Heartbreaking Bravery

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Tag: piano

Alexis Taylor – I’m Ready (Stream)


Editor’s Note: There’s been a month-long gap in coverage, thanks to near-incessant travel and other extenuating circumstances. The following run of posts that contain this note will be posts that should have appeared sometime within the past several weeks. Use these posts as an opportunity to catch up to the present release cycle or to simply discover some new music. Either way, enjoy.

Hot Chip‘s excellent The Warning can rightfully be regarded as a classic record of a certain age and, at some point, it may even be viewed as definitive. A large part of its success can be directly attributed to principal songwriter Alexis Taylor, who maintained a strong grasp on a project that’s ideas frequently came across as boundless. The warmth that Hot Chip exuded was often slightly undercut by his penchant for the bittersweet but that still doesn’t make the reveal of  the devastating “I’m Ready” any less jarring.

Taylor’s newest project, and the first under his own name, is a solo piano venture that trims out any excess in favor of an intimacy that’s startlingly direct. Taylor opens the track with a wistful line that registers as more of a question than a statement, wavering in a relative uncertainty: “Don’t you know I’m ready?” As the song progresses, Taylor builds up a heartbreaking case for self-worth as an air of ambiguity increasingly deflates any projected confidence.

No track in 2016 has stopped me cold and stolen my breath faster than “I’m Ready”, which somehow manages to incorporate silence as an effective instrument (even when it draws to an unceremonious close, the noises of everyday life seem like an integral part of Taylor’s statement). There’s beauty to be found in all of the cracks and bruises that life administers in varying portions and “I’m Ready” combines them all into something heartrending and poignant. Simply put, “I’m Ready” is unforgettable.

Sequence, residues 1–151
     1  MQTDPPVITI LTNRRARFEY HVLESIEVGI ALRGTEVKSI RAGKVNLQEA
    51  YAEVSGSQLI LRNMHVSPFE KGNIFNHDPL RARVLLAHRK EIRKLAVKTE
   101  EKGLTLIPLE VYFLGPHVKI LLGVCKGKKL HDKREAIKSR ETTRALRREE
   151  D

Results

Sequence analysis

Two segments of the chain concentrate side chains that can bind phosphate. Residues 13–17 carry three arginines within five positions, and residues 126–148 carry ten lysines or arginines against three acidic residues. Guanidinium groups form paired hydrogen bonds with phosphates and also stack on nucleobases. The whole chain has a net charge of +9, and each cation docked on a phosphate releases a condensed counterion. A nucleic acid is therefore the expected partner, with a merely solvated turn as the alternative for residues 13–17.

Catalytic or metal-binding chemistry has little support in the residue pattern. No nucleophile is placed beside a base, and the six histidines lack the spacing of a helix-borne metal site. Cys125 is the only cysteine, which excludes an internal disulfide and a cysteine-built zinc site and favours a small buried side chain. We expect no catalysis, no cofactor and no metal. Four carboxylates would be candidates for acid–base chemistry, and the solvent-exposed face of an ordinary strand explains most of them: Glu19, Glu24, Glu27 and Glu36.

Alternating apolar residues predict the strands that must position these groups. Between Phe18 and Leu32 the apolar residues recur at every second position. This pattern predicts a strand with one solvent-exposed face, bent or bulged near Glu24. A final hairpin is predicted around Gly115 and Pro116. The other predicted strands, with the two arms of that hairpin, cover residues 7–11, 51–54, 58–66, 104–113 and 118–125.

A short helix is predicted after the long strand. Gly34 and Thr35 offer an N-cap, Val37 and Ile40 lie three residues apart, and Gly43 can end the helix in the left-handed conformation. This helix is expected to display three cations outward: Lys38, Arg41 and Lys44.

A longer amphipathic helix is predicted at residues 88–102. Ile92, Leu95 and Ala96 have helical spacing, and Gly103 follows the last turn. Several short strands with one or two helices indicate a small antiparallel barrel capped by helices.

Listen to “I’m Ready” below and pre-order Piano here.

Watch This: Vol. 49

To start: this won’t be today’s last post. This will be this week’s Watch This, though, as next Sunday’s going to be devoted to work for an upcoming feature. Additionally, last week brought forth an embarrassment of riches and one Watch This just wasn’t enough to cover everything. All of that is to say that this will be another non-conventional installment that will offer a small break from the regularly scheduled every-Sunday appearance of this series. In the 49th installment, the performances take place in everything from small shops to late night talk shows and festival aftershows. Every performance is committed and provides some insight into the level of dedication these bands put into their live set. It’s all worth taking a few beats to take in- so, as always- sit back, focus in, turn the volume up, take a deep breath, and Watch This.

1. Ty Segall – Manipulator (KCRW)

It’s strange to see the Ty Segall Band playing in an environment this contained- and it’s evident the band’s doing their best not to jump out of their skin while they tear through the title track off this year’s excellent Manipulator. Even if the band can’t exercise their usual being-shocked-to-death style movements as freely as they’d be able to without the restraints of their headphones, this is still one hell of a performance- and a great reminder to see them as many times as possible.

2. Mountain Bike – Good for Nothing (Bruxelles Ma Belle)